This programme supports PhDs in comparative studies (e.g. French and English literatures, Japanese and American film), multidisciplinary studies (e.g. English film and literature; photography and book history), theoretical approaches that cut across disciplines (e.g. cultural studies) and practice-based research. If your thesis involves studio-based, audio-visual or technological research, it may include a portfolio, exhibition or other audio-visual display. This must be original work, exemplifying and locating the ideas that are developed in conjunction with the written part of the thesis.

In addition to supervision, we support students’ work through a programme of critical theory seminars, and research skills and methodologies classes. In your first year you are encouraged to think about how to frame research questions, what happens when research subverts disciplinary boundaries, and how these might be seen differently through alternative or historical divisions of knowledge. From the second year, you will take part in research-in-progress workshops and a range of other activities, including conferences, student-led seminars and reading groups. Throughout, your work will be enhanced by and contribute to the School’s vibrant research culture and research centres.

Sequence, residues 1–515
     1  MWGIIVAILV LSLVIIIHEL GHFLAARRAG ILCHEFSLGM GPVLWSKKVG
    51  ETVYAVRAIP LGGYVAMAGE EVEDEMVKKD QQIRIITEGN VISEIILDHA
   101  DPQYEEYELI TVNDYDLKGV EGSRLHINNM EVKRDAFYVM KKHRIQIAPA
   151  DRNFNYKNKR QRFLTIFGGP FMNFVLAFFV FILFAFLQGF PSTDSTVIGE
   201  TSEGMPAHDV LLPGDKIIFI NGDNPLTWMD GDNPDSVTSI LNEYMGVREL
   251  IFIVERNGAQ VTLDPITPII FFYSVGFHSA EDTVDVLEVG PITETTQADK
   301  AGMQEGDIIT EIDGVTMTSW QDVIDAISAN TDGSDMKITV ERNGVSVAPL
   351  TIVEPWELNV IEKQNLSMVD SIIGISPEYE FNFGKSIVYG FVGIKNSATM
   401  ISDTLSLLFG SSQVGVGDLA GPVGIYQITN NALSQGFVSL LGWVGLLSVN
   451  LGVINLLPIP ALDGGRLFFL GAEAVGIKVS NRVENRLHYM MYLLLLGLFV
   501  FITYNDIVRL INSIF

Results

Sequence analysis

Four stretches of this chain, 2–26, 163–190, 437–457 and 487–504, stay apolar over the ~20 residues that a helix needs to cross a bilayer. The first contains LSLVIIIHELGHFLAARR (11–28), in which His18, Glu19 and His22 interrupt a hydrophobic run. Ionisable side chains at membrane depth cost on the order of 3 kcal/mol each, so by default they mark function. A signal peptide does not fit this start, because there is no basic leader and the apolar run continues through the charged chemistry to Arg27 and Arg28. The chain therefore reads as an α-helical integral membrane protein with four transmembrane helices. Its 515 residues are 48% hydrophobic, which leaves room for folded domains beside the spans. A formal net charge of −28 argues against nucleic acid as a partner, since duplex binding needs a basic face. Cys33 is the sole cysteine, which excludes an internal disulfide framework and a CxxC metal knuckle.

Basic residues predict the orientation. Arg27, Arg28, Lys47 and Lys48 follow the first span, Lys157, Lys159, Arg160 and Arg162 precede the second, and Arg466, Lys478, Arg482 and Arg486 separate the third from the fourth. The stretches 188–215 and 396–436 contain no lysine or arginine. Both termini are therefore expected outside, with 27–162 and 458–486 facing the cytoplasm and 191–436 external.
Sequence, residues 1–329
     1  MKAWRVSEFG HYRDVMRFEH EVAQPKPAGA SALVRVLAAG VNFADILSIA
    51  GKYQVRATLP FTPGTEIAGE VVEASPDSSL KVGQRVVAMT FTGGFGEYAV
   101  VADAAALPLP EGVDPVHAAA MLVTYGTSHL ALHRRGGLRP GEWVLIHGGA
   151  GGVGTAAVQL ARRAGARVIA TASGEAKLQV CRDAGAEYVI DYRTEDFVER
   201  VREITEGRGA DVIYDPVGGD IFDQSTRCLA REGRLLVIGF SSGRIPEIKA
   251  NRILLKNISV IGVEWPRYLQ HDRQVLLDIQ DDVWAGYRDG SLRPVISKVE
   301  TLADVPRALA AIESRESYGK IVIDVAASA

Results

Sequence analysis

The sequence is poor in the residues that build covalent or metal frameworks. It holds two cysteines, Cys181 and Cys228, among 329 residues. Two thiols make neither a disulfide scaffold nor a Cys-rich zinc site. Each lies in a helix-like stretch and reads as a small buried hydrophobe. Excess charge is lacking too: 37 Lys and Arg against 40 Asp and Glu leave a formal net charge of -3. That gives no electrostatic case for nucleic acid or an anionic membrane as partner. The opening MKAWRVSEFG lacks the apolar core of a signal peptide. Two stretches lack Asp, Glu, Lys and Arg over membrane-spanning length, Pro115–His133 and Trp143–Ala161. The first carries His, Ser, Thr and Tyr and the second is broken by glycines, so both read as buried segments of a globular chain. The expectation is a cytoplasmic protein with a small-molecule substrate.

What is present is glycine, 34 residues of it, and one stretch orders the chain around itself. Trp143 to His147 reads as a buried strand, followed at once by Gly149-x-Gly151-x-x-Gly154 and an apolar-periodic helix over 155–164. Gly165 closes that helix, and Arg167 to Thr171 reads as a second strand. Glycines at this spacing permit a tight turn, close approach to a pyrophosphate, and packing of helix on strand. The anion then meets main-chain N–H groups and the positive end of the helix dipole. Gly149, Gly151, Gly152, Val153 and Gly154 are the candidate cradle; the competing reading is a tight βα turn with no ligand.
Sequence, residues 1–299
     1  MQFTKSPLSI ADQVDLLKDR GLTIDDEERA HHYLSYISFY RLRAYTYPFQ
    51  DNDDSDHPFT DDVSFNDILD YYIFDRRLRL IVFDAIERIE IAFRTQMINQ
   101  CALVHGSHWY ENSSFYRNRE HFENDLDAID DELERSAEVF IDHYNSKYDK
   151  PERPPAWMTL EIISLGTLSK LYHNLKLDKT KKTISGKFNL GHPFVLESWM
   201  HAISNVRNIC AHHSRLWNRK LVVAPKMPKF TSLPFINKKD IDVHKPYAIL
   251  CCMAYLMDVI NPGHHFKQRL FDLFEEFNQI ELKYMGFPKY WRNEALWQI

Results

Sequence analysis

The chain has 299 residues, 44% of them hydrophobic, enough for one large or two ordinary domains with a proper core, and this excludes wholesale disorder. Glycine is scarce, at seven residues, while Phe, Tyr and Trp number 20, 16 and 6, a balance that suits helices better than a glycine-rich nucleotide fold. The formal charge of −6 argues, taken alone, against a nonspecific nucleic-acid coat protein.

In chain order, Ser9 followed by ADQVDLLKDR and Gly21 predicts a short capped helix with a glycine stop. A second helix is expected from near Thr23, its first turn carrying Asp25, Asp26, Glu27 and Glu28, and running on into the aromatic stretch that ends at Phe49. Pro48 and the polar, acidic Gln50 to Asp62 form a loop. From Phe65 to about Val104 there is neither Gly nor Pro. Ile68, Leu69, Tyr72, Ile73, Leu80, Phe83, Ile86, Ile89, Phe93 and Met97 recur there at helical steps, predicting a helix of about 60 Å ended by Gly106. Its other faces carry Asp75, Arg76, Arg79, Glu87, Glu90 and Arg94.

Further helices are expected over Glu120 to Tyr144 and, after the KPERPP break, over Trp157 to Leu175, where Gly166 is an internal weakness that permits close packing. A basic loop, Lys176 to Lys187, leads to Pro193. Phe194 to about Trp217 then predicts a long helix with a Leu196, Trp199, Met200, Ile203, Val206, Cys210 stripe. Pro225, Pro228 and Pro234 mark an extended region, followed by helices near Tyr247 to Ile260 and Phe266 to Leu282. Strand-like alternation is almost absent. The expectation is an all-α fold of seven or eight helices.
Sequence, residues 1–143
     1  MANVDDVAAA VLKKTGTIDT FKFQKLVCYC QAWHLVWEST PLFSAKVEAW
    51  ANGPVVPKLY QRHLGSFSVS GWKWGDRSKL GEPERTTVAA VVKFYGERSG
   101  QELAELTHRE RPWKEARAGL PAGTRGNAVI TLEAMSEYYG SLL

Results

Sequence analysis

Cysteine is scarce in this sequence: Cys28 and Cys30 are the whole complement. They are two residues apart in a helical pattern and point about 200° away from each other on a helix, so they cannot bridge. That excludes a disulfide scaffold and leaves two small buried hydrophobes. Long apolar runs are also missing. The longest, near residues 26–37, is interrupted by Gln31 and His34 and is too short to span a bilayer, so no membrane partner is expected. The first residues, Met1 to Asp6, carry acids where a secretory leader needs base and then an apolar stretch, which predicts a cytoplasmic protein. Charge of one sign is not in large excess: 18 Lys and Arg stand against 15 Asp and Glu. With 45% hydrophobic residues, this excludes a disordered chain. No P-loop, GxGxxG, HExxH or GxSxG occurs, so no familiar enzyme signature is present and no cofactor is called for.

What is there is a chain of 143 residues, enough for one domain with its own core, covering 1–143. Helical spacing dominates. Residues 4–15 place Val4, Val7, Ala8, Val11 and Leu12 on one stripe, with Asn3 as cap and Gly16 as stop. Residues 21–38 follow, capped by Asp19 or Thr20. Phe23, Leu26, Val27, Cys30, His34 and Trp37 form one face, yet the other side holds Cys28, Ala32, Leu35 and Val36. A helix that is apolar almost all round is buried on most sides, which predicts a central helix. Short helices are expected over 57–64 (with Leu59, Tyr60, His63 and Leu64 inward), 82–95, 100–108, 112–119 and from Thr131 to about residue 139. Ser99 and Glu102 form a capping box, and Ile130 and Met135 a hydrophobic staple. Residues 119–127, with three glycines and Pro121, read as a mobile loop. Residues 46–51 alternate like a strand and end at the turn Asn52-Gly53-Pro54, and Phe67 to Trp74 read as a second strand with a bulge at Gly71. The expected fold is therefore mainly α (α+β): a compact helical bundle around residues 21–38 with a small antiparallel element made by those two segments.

Why study this course at Birkbeck?

Arts and humanities courses at Birkbeck are ranked third best in London and 11th in the UK in the Times Higher Education 2015-16 World University Subject Rankings.

The School of Arts offers committed, enthusiastic and dynamic research-based teaching, with a constantly evolving curriculum sensitive to developments in contemporary culture. We actively foster the creation of a graduate intellectual community and our students' professional development.
A large number of our recent PhDs have successfully obtained permanent academic posts in leading universities in Britain, the United States and other countries.
Our research centres and institutes place your research in an international context, in which the best and most vibrant work is exchanged, discussed and developed.